Sonja Singh, 34, loves dolls. As a hobby, she visits thrift stores to find disheveled Bratz dolls, sometimes with missing feet. She removes their overly sexualized eyes and lips with nail polish remover and paints on new, more natural looking features. Singh’s mother completes these Tree Change Dolls’ new look by fashioning them with hand-knitted modest clothing and swimsuits.
Even the kids can see there is a difference with these dolls.
In a focus group, one young Australian girl said Tree Change Dolls are “nicer to play with… you can kind of think they are the same age as you.” Other young girls from the group remarked that certain dolls resembled their friends; whereas, traditional Bratz dolls do not resemble real people.
After Singh completed her first round of desexualizing dolls in her home, she posted her creations on Facebook. Immediately, she received requests to purchase the dolls, yet she only had twelve. She did not intend her idea to help desexualize dolls to go viral, but rather hoped to be a source of positive influence.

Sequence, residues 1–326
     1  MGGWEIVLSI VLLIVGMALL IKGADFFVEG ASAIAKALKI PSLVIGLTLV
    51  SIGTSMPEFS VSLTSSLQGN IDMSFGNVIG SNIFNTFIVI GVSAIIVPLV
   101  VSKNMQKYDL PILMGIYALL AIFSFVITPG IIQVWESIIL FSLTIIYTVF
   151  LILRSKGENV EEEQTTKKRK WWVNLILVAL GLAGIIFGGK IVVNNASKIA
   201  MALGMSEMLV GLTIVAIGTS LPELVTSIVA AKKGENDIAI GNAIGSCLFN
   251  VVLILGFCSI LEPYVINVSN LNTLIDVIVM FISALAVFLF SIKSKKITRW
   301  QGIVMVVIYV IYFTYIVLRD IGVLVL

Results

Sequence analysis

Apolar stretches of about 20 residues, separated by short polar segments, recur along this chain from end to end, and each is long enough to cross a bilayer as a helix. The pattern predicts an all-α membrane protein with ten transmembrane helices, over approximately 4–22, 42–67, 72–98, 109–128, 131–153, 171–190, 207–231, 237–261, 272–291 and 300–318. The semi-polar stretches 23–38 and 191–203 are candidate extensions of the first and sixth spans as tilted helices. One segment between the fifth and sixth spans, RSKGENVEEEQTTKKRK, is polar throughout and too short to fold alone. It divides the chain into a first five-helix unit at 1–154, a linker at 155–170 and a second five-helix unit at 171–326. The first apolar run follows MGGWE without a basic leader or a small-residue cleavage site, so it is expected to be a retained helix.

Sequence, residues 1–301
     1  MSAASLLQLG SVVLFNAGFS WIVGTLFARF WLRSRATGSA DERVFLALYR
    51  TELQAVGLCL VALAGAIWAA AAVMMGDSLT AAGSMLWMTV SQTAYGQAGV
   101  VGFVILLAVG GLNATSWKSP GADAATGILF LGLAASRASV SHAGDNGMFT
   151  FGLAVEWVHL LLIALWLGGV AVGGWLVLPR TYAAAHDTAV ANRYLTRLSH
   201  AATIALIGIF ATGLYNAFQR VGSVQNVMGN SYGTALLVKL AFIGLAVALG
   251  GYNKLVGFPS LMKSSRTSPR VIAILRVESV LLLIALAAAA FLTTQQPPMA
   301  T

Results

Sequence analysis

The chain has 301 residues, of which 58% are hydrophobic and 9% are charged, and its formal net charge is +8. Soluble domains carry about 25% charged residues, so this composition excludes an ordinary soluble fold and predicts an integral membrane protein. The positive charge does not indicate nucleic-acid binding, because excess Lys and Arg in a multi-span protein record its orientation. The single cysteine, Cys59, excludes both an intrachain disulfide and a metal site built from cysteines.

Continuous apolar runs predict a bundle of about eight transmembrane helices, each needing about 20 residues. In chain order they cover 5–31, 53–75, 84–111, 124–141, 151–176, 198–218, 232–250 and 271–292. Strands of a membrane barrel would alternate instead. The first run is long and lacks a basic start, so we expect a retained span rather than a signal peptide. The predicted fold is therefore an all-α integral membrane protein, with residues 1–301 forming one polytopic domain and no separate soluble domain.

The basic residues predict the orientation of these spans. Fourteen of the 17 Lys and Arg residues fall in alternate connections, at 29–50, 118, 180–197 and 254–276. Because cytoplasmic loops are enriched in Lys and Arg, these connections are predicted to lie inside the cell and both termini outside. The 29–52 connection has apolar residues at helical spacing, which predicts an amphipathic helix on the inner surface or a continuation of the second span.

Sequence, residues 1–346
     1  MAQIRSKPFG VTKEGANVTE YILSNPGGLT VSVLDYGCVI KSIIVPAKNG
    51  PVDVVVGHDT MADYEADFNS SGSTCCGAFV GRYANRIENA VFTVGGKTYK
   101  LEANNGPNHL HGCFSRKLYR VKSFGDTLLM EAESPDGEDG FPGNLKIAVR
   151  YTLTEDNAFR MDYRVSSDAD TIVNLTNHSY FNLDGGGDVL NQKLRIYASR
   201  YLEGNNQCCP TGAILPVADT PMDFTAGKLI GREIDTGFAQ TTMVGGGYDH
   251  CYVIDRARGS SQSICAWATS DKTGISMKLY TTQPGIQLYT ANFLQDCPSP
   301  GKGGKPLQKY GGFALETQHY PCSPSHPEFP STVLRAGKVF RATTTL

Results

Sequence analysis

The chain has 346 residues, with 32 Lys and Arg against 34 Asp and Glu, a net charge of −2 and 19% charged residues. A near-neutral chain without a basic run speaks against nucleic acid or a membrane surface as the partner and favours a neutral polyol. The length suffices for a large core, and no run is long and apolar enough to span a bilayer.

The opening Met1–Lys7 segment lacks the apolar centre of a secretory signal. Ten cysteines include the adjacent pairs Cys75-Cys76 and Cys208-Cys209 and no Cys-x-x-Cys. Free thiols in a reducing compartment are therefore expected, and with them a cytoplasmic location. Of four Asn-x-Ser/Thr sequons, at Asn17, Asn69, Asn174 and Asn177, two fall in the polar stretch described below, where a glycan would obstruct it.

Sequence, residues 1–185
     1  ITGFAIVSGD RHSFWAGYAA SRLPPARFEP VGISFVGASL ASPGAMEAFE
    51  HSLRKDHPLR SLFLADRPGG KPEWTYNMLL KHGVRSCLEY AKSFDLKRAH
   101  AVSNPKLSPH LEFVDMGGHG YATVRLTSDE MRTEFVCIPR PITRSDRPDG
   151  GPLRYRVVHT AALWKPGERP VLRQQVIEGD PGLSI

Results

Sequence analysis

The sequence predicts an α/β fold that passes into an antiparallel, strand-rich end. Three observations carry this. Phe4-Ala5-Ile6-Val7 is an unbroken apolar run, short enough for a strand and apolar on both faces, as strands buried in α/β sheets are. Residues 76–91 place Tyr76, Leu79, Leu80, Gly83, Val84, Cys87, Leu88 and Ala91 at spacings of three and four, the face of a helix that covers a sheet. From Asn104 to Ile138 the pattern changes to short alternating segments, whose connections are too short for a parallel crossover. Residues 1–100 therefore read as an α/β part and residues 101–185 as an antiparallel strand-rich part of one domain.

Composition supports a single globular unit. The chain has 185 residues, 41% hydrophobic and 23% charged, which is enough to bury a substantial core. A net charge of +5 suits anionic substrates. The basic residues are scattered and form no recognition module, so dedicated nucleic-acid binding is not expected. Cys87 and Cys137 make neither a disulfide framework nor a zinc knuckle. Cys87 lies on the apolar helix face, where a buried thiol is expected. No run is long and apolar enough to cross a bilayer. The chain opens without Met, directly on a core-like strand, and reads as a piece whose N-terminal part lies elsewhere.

“I’m not a doll manufacturer, I don’t want to be. But if what I’ve done does influence some of the big toy companies out there and make them rethink the kind of dolls they are putting out on the market, I don’t think that would be a bad thing at all.”
Singh has recently added DIY videos to her Tumblr and Facebook pages, so that anyone can replicate what she has done.
Another Austrailian mother, Cindy Miechel, and her daughter, Paris, also took on the challenge to “makeunder” their own dolls.
Before the transformation, the dolls “are usually adult dolls, [with] lots of make up, not usually dressed up well,” Cindy said.
Her daughter Paris added,“sometimes the clothes are too short.”
“[They are] sort of revealing and that’s not what sort of example we want to show to… that’s not what we want our girls to be like,” Cindy.
“Because when [girls] grow up they end up being like those type of dolls,” Paris said.
Singh is making a large impact in fighting objectification of women.
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